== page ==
After the strategic tips on customer experience, let’s return to the plain ground with a specific topic: that equally loved and hated entelechy, the IVR. The big challenge when designing an IVR solution is how to distribute the information in the flow. What according to the information architecture we could call accessibility, that is, the degree of complexity with which users will access the indicated option. Who can deny that much of our customers’ experience today depends on the IVR application?
1) Focus on the initial menu
Unique entry point to the application, the main menu conditions everything else. According to its design, it is or is not a valid solution or alternative for users. You can easily check this with KPIs or performance indexes, from abandonment rate, callback rate, navigation analysis in different menus, to the rate of failed transfers.
Best practices indicate that the number of options per menu should not exceed the magic number of 4, so, consider a strategy where most of the functionalities are represented (or implicitly mentioned). Not only in the categories of the menu, but also in the words that describe them (what finally will be heard).
2) Set a volume criteria
Another metric to take into account to design the main menu is the amount of demand that each IVR option has. Always consider that these options can be included in a category that encompasses them, without significantly losing their demand. Categories can have a higher or lower level of specificity. It can be a concept that extends or defines many components as “changes”, or simply a category that is what it says, for example: “balance”. Then you must decide the location based on whether the category is more or less specific. Options like “balance” will be in the top positions, and options like “changes” will be in the last ones. The premise is clear: the options that may be included within others must be heard first.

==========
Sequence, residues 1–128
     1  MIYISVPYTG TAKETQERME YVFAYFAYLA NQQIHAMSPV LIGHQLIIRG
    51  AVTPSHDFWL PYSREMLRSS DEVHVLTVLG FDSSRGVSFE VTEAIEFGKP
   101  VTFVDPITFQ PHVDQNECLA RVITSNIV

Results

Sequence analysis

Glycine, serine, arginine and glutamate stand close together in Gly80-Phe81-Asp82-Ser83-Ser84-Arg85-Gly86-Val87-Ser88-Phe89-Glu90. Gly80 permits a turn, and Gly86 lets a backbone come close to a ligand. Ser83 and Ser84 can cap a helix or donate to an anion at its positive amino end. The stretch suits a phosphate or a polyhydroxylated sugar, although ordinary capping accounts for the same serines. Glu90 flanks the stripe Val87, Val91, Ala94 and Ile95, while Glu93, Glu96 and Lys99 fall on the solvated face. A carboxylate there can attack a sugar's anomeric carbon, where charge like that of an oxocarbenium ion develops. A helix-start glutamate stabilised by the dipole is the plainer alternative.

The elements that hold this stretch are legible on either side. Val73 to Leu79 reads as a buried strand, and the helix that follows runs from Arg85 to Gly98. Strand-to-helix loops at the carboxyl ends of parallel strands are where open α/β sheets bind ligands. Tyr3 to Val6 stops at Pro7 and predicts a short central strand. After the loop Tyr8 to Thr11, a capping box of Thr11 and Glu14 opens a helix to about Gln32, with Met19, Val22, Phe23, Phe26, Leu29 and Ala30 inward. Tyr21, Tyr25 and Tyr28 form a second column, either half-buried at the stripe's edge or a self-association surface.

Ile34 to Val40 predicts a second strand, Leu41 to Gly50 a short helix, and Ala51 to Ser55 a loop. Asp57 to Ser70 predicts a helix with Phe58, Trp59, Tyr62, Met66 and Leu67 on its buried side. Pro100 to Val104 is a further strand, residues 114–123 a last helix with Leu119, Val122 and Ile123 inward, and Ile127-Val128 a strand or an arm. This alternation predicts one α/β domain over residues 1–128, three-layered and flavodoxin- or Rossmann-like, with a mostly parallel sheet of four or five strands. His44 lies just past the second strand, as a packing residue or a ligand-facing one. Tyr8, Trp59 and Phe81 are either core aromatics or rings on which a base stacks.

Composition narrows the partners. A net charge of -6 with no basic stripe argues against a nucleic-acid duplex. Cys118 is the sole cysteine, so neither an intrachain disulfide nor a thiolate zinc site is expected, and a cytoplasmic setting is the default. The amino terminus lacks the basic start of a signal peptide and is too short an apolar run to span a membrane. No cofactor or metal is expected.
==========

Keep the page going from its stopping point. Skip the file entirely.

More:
3) Don’t forget to put the scheme “on a napkin”
In the initial menu it has to be more or less summarized the functionality of the entire service. Making a case of previous use will help you locate the essential features. These categories can be from greater to less concretion (or intentionality). There can be from “make changes” to “registrations”.
4) People recognize words
The categories or genres that you are going to use have to be translated into concrete terms of everyday use for people. You must discard the technical names used internally in your company for processes, etc. Thus, it will be necessary to make the effort to verbalize what has previously been done with categories. This that seems trivial is the most difficult. Obviously, it is not necessary that the menus or the structure coincide neither with departments, nor with groups of people. Each point of the dialogue will route the call or to one or the other.